Antony Gormley, Barbara Hepworth, beyond limits, British sculpture, Chatsworth, Chequers Inn, Conrad Shawcross, Dales, Damien Hirst, Derbyshire, Froggat, Henry Moore, Jane Austen, Lynn Chadwick, Phillip King, Pride and Prejudice, sculpture
Chatsworth House in Derbyshire sits resplendently within its grounds of meadows and rolling dales, spanning almost half a millennium of history. Depicted by Jane Austen as Mr Darby’s abode, it is actually the home of the Duke and Duchess of Devonshire (you might think they’d live nearer to their fiefdom, but a title is just that- a title). With its ornamental gardens, a maze and a spectacular rockery, Chatsworth is a magnet for day trippers.
Even more so with the exhibition Beyond Limits celebrating the landscape of modern British Sculpture. Beautifully curated with the sculptures adorning the gardens, a stroll through park and woodland reveals a Barbara Hepworth here or a Damien Hirst there, nestled amongst the rose bushes and rocks or commanding the lake and lawn.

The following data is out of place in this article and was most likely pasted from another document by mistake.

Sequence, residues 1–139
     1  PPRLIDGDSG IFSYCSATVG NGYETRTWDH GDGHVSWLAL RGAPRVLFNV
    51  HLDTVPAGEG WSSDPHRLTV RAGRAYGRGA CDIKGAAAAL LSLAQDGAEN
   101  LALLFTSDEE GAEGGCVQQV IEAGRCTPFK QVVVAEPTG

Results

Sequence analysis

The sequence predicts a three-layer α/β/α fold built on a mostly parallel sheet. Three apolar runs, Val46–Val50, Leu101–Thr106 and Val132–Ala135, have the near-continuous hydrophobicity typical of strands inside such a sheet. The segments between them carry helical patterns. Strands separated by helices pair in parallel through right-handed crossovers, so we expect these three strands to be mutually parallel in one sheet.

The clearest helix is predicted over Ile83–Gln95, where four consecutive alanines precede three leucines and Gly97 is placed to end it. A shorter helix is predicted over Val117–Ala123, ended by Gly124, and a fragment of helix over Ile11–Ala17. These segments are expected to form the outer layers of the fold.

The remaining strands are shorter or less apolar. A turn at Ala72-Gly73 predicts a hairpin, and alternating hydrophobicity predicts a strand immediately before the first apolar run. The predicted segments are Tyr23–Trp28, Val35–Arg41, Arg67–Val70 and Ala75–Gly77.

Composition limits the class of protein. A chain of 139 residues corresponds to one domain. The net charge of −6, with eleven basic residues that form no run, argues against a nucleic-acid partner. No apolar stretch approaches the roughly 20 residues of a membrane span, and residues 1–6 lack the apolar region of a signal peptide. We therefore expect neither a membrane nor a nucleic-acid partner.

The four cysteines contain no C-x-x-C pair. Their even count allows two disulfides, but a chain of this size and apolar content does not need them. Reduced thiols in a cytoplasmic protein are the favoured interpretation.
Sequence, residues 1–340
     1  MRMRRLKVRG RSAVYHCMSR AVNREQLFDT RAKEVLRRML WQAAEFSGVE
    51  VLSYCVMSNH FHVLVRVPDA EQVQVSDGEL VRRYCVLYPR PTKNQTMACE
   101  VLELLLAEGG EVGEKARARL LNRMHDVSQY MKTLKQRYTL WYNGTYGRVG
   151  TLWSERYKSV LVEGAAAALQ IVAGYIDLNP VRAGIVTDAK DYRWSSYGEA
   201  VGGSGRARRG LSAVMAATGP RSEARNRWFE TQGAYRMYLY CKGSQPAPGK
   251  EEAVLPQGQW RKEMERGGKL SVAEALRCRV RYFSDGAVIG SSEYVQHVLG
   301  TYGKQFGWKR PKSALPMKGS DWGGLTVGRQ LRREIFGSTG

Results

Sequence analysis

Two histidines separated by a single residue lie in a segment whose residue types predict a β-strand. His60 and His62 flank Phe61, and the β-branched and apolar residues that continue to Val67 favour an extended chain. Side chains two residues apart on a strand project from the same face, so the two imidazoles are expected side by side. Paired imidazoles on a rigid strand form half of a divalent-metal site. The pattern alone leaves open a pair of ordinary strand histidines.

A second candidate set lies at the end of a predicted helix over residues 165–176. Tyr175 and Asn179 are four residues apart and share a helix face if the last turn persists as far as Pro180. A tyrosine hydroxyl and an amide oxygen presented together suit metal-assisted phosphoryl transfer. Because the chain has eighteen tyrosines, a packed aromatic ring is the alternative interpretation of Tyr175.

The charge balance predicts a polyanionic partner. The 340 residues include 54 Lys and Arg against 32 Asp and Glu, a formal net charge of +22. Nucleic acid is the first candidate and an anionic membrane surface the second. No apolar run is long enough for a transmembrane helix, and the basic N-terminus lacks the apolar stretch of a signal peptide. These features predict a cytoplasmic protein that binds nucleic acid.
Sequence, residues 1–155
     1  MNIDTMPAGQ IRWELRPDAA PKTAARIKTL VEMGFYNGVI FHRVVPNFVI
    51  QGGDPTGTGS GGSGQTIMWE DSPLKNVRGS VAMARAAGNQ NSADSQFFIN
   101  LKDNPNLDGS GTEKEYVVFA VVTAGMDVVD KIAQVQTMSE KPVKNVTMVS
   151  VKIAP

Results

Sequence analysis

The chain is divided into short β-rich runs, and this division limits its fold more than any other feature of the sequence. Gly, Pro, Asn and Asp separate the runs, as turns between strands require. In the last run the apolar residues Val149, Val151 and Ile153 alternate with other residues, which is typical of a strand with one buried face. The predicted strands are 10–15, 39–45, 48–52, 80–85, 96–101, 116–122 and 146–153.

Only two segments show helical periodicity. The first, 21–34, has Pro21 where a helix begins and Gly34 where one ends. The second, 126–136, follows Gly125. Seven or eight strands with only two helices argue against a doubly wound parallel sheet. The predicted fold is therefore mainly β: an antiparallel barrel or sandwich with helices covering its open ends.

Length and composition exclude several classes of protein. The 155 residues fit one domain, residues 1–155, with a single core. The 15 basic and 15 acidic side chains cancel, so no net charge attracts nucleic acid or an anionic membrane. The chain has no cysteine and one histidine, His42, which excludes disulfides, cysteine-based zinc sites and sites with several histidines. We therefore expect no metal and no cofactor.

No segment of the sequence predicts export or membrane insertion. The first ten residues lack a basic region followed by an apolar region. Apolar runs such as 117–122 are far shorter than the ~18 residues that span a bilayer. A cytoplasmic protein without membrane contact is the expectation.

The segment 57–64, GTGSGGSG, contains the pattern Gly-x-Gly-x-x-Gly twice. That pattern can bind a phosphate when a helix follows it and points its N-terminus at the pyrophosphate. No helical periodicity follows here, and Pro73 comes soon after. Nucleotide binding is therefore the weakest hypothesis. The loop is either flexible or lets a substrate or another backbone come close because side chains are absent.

Pictured in the top row are Moore’s Three Piece Reclining Figure and Conrad Shawcross’ angular but reassuring The Dappled Light of the Sun. Below, Antony Gormley’s Big Gauge II is brilliantly juxtaposed with the rockery and Lynn Chadwick’s dancing figures frolic down a romantic lane. Meanwhile Gengis Khan by Phillip King is further enhanced by nature.
Art appreciation and walking make for a healthy thirst, so what better way to round off the afternoon than in the beer garden of the Chequers Inn in the nearby village of Froggatt?
See also Art for art’s sake.